Canonical tags come in many guises – rel canonical, canonical URL tag, even
rel=canonical – but despite their different names, they all mean the same thing.
The canonical tag tells a search engine which page serves as the ‘master’ copy. Using a meta tag in your site’s HTML header, you can reduce duplicate returns of the same content with different URL extensions in searches. How? Because canonical tags tell a search engine which version of your content came first, and which you want to show.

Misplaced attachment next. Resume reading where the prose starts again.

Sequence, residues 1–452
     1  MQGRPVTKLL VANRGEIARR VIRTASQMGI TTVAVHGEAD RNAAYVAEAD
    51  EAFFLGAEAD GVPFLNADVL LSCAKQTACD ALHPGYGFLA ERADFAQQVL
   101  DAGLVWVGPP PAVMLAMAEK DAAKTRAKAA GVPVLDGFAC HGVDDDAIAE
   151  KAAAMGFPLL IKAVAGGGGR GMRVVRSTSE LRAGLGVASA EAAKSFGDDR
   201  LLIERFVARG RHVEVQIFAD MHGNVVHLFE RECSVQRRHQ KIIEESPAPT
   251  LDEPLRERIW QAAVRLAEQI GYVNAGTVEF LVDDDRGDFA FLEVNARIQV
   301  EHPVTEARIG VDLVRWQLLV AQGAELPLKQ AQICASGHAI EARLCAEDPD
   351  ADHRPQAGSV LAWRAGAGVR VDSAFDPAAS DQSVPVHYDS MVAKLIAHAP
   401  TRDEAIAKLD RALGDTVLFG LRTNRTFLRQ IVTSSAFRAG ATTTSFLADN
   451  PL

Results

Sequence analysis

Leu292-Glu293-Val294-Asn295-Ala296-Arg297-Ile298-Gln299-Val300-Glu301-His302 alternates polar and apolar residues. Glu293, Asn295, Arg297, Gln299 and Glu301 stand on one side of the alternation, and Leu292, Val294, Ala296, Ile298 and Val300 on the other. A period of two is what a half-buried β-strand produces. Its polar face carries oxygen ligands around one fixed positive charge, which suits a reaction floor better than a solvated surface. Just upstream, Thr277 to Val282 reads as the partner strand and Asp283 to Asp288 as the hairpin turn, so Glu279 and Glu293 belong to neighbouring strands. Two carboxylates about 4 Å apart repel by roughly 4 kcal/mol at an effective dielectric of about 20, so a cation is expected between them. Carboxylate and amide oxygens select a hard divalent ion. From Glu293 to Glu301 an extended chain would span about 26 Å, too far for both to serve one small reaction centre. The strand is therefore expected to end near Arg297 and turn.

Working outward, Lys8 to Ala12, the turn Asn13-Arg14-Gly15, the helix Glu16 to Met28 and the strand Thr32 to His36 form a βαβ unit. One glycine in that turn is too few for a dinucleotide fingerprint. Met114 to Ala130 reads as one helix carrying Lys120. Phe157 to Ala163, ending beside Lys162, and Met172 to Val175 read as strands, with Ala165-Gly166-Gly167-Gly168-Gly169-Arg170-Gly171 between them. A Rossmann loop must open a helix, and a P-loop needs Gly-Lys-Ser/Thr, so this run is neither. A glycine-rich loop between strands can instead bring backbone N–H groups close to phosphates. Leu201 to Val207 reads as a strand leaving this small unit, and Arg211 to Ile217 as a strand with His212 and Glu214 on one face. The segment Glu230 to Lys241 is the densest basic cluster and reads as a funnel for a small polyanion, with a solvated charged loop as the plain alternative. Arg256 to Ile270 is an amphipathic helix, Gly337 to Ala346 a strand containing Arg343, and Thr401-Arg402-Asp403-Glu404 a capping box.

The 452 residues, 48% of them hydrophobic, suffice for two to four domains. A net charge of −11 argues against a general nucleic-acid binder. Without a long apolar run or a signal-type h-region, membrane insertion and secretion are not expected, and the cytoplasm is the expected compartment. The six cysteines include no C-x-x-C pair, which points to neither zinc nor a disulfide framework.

With fewer duplicates in any given search, your canonical page gets boosted higher in the search results, sending more hits to your original content. But canonical tags are complex – and in this article, we’ll explain everything you need to know about them from best practice uses to how and when you should use a canonical tag, and if there are alternative solutions that would work better for you given your situation. Let’s get started.